Whether for reasons of health or personal and religious beliefs, taking the step towards a primarily plant-based diet is a life-changing one. Here’s what you should know.
Considering a switch over to a vegetarian or vegan diet? The benefits of a plant-based lifestyle are numerous, and its movement has quickly become a multi-billion-dollar industry worldwide, with sales of plant-based foods in the U.S. alone growing by 8.1 per cent over the past year to top US$3.1 billion (RO 1.19bn) according to Forbes Online.
From dairy alternatives and vegan cheese filling more and more supermarket shelves, to hyper-realistic mock-meat hamburgers and watermelon ‘steaks’ turning up on menus of vegan restaurants; gone are the days when the rise of vegetarianism and veganism were passed over as simply a fad.
They are ideologies that are here to stay – and their roots run deep.
Following a plant-based diet is now considered mainstream thanks to media attention, trending and celebrity endorsement. But in fact, it’s a practice that dates back centuries to India where they continue to make up an estimated 70 per cent of the world’s current vegetarian population.
In addition to reducing the environmental impact of meat production on the planet – mainly the staggering amount of water resources and crops grown to feed beef and poultry stock that are slaughtered for consumption – the myriad health benefits of vegetarianism are considerable.
For starters, a vegan diet is richer in certain nutrients such as folate, magnesium and vitamins A, C, and E. It can also help you shed those extra pounds – which can be beneficial for those struggling to manage their diabetes and maintain healthy blood glucose levels, along with a whole range of metabolic functions. Studies have also shown that our kidney function improves when following a plant-based diet, which can also protect against the development of certain cancers such as colorectal cancer.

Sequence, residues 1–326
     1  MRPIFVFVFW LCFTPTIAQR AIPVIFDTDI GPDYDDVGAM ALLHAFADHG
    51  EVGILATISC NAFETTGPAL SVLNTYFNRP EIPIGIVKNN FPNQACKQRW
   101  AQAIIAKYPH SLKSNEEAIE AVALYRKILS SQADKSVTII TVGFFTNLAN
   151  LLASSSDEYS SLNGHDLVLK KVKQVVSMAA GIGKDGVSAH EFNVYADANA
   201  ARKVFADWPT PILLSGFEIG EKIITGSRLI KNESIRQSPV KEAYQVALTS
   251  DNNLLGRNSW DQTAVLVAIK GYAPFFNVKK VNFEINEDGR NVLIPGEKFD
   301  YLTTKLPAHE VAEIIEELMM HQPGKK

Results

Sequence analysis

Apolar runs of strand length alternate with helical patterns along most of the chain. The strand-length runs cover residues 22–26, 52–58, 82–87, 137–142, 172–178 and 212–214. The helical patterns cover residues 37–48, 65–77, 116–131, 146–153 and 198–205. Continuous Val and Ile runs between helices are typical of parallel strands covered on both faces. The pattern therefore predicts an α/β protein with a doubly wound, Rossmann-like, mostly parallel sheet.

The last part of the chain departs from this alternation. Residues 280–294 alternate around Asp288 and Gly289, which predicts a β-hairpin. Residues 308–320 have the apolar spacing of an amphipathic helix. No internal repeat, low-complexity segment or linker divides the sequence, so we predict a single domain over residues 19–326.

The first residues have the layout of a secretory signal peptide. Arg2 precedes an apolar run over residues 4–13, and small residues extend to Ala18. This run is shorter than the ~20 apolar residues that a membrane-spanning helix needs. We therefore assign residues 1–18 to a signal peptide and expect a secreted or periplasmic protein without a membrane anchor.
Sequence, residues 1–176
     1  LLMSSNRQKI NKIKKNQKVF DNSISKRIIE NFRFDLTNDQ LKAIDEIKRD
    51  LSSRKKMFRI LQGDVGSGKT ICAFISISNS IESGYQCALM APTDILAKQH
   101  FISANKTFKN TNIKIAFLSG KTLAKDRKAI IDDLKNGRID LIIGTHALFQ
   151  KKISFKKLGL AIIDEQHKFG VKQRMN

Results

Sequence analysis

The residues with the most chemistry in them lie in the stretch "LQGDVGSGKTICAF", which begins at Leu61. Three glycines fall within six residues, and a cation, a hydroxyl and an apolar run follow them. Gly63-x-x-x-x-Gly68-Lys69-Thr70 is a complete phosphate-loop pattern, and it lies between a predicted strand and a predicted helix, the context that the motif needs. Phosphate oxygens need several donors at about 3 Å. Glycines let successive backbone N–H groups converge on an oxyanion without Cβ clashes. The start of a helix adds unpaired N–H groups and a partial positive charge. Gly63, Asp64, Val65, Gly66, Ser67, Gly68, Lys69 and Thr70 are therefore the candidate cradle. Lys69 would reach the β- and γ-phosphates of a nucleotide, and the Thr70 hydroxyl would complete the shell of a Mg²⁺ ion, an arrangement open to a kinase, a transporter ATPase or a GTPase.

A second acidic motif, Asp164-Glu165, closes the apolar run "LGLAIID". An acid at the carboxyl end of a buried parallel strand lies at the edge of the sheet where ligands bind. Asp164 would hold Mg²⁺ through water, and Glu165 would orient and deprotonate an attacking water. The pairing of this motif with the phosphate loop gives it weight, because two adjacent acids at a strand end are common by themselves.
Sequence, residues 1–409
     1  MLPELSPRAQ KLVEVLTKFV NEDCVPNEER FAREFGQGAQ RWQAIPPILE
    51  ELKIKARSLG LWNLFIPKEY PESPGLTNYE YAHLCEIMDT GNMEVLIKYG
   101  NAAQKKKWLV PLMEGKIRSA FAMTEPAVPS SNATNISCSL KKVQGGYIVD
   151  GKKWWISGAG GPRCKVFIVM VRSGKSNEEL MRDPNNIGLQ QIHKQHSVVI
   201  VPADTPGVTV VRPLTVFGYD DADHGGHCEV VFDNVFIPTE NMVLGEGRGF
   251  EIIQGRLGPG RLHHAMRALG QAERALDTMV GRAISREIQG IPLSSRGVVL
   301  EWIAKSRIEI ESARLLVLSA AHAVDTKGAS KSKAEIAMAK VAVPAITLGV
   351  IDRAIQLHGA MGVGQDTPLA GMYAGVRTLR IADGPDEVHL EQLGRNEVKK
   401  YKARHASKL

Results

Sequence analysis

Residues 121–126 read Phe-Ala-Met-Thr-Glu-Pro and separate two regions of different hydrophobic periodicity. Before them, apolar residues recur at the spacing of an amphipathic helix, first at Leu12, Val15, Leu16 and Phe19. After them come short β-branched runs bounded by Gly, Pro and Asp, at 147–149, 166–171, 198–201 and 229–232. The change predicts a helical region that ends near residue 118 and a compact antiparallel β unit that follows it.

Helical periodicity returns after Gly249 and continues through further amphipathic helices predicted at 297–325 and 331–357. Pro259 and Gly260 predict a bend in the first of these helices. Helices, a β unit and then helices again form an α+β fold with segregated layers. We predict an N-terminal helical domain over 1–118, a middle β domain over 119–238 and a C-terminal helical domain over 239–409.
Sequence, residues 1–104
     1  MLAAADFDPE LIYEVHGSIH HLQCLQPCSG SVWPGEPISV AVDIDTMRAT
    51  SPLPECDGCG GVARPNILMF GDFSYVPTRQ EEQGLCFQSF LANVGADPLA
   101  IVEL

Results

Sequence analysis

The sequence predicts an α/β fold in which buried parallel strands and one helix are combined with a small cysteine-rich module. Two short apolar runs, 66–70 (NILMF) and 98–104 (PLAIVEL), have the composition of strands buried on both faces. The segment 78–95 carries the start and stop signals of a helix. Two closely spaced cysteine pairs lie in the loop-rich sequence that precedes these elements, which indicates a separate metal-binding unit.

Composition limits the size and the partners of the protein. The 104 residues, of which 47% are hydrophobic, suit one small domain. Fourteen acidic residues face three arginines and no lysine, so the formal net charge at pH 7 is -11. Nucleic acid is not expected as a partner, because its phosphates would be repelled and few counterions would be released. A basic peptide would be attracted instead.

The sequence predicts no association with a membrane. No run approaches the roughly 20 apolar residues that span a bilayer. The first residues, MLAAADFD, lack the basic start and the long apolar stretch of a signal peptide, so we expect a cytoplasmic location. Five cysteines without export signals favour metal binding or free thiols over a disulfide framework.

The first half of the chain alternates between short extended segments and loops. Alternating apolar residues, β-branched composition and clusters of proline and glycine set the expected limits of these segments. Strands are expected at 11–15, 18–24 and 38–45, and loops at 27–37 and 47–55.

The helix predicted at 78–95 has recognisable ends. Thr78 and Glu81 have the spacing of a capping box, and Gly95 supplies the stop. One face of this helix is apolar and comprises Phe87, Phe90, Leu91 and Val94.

So, if you’re thinking of moving away from a diet rich in meat products to embrace plant-based living, here are some basics to help you get started.
Vegetarians: The Vegetarian Society defines a vegetarian as: “Someone who lives on a diet of grains, pulses, legumes, nuts, seeds, vegetables, fruits, fungi, algae, yeast, and/or some other non-animal-based foods (e.g. salt) with, or without, dairy products, honey and/or eggs.
“A vegetarian does not eat foods that consist of or have been produced with the aid of products consisting of or created from, any part of the body of a living or dead animal. This includes meat, poultry, fish, shellfish, insects, by-products of slaughter, or any food made with processing aids created from these”.
Lacto-ovo-vegetarians: Eat both egg and dairy products and are the most common type of vegetarian.
Lacto-vegetarians: Eat dairy products but avoid eggs.
Ovo-vegetarians: Eat eggs but not dairy products.
Vegans: Do not eat dairy products, eggs, or any other products derived from animals.
(Source: The Vegetarian Society, www.vegsoc.org)
The Sultanate’s foodie scene is catching on to the vegan and vegetarian movement. Here are some tasty options for a veggie-friendly night out:
Location: Qurum Gardens Complex, Way 2237, Opposite Qurum Natural Park
Timings: 12 noon to 12 midnight, daily
Contact: (+968) 2200-9598
This Turkish restaurant has a dedicated vegetarian menu offering inspired and flavoursome takes on traditional classics. We love their Turkish style roasted eggplant and stewed okra – and if you let your server know in advance that you avoid eggs and/or dairy, they’ll make sure their piping-hot pide bread is prepared without them.
Location: Qurum Commercial Complex
Timings: Sun-Wed, 11:00 a.m. till 11:00 p.m.; Thurs-Sat: 11:00 a.m. till 12 midnight
Contact: (+968) 2456-1010
Our favourite pan-Asian franchise recently launched their new vegan menu and we’re pleased to say it packs a punch. Operating under the motto that ‘meat-free shouldn’t mean taste-free’, their Kare Burosu vegan ramen bowl with silken tofu, mushrooms, and udon noodles is a bowl of comfort.
Location: Across from Al Seeb Vocational College, Seeb
Timings: 11:00 a.m. till 11:00 p.m., daily; Closed from 11:30 a.m. till 12:30 p.m. for Friday prayers
Contact: (+968) 9818-8220
This hole-in-the-wall hotspot is a tasty nod to the Sultanate’s African roots and heritage. There are heaps of vegetarian/vegan options to fill up on and you can’t go wrong with a lunch-time order of their spicy stewed beans and vegs with a side of cassava. Yum-o!
This bowl of goodness is protein-packed vegan comfort food at its best:
West African Peanut Soup
Prep time: 10 mins
Cook time: 35 mins